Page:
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Independent Student Newspaper Since 1969

The Badger Herald

Independent Student Newspaper Since 1969

The Badger Herald


Alcohol culture fosters sexual assault environment on campus

UHS Violence Prevention staff members Shira Phelps and Carmen Hotvedt said the attitude toward sexual assault victims and crimes on campus needs to change to decrease its prevalence.[/media-credit]
This story is the first in a two-part series on sexual assault on the University of Wisconsin Campus.

Well before taking their first steps onto a college campus, the majority of women have at some point heard the statistic that one in every four females will be the victim of rape or attempted rape during their college years.

Members of the University of Wisconsin community working to combat sexual assault, domestic violence and stalking on campus say the issue is as prevalent as ever at UW and remains an equally dominant concern at other Big 10 universities.


Alcohol as a drug

From a young age, women are taught to “watch their drinks” and not seriously socialize with individuals they do not know well. But, what many women on college campuses fail to realize, Promoting Awareness, Victim Empowerment spokesperson Jacqueline O’Reilly said, is that alcohol is the number one drug behind rape.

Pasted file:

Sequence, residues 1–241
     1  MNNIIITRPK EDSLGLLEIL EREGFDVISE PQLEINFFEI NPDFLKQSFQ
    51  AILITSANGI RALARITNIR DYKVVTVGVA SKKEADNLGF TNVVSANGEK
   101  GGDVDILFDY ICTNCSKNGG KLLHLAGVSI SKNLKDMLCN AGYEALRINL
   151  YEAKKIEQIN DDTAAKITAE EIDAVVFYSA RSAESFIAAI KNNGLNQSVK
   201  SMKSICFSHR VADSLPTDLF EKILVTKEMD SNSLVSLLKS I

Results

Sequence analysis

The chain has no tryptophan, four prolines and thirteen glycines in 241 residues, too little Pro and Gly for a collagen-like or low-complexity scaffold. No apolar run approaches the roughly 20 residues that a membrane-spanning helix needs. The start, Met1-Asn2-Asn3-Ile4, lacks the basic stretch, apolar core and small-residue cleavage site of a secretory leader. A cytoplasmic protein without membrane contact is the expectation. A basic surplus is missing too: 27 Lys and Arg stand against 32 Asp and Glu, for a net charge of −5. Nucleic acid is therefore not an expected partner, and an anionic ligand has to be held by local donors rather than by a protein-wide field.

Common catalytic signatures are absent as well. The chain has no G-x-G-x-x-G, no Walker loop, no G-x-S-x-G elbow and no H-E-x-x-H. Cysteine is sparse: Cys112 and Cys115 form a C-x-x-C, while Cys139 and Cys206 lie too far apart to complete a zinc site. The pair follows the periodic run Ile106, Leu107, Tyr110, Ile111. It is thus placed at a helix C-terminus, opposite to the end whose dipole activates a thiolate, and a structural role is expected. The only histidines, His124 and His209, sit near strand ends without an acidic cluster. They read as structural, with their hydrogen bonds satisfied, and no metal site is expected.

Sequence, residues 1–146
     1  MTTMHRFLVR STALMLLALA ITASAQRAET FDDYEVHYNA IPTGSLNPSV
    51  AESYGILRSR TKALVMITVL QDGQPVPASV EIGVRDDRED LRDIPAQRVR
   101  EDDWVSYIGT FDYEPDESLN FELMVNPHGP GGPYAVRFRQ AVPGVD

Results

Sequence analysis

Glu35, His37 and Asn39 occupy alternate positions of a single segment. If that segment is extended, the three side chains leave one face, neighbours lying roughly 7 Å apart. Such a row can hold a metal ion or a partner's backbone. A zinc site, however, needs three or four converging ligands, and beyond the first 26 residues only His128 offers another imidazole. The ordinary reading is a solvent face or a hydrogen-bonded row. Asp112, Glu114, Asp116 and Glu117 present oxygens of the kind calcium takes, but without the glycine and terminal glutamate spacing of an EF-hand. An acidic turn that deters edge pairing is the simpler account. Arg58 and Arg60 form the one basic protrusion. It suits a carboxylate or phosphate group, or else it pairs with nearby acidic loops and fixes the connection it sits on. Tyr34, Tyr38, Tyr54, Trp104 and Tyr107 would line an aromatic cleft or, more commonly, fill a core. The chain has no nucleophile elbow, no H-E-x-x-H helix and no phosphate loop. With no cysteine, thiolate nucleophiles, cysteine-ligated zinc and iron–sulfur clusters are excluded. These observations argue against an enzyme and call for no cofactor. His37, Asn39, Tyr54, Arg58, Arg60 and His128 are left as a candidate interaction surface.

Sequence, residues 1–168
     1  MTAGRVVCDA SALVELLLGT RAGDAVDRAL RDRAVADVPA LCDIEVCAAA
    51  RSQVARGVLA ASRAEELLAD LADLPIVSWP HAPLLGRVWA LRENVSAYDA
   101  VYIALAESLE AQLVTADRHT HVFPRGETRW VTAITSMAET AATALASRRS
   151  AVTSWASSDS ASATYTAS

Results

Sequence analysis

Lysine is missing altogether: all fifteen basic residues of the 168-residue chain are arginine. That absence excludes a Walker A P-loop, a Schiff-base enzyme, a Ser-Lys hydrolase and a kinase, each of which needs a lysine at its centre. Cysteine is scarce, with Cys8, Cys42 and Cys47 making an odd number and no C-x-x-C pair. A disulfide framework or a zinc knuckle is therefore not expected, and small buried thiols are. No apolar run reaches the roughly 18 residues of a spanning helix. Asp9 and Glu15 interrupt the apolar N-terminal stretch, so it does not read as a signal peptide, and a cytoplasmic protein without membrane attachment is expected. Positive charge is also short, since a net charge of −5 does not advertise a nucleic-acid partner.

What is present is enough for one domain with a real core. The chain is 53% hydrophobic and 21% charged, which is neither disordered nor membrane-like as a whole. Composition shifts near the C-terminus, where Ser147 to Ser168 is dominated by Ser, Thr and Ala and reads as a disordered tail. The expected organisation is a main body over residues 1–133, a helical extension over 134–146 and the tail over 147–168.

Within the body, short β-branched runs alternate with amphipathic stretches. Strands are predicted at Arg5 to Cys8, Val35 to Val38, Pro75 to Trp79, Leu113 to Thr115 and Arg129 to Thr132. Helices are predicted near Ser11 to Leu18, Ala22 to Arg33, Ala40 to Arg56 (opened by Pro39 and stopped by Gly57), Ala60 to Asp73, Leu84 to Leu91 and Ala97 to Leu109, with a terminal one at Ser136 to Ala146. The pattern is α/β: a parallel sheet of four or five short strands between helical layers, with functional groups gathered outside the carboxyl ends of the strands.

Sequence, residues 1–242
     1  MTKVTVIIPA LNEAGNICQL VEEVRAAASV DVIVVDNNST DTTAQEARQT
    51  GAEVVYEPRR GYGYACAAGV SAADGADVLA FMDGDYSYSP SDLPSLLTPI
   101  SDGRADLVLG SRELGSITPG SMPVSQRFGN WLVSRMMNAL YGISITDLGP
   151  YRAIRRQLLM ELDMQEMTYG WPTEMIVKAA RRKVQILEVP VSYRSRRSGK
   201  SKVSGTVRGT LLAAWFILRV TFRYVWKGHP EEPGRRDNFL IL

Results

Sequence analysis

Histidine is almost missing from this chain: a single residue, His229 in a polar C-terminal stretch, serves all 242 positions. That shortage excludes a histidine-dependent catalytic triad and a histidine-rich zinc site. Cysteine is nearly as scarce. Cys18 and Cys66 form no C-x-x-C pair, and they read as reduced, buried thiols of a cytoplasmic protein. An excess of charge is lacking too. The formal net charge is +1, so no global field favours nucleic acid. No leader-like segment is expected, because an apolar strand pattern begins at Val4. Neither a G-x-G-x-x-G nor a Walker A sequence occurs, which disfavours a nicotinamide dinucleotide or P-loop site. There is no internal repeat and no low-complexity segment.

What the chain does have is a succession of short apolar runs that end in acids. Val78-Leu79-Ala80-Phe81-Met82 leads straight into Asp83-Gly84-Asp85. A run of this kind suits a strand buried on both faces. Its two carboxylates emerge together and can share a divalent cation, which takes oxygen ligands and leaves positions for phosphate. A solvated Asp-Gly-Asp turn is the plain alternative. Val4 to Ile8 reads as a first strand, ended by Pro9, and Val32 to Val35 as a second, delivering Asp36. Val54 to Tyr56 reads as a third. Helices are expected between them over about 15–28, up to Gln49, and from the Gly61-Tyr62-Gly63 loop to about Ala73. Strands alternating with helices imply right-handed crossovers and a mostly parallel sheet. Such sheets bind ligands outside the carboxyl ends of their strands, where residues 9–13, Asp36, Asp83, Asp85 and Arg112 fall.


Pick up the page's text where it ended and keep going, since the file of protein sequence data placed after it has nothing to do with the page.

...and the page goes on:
“Often times, students disclose to us and it’s a very similar story often involving alcohol,” O’Reilly said. “If you listen to the language students are using, alcohol is seen as the gateway to consent, but if anything, it inhibits the ability to consent.”

Many of the cases brought to PAVE, O’Reilly said, involve students drinking at a party and being coerced into a situation they are not comfortable with, despite the fact that the circumstances may look different from the outside.

As a result of the key role alcohol plays in sexual assault incidents on college campuses, victims are often blamed for the assault, Shira Phelps, University Health Services Violence Against Women Prevention Coordinator, said.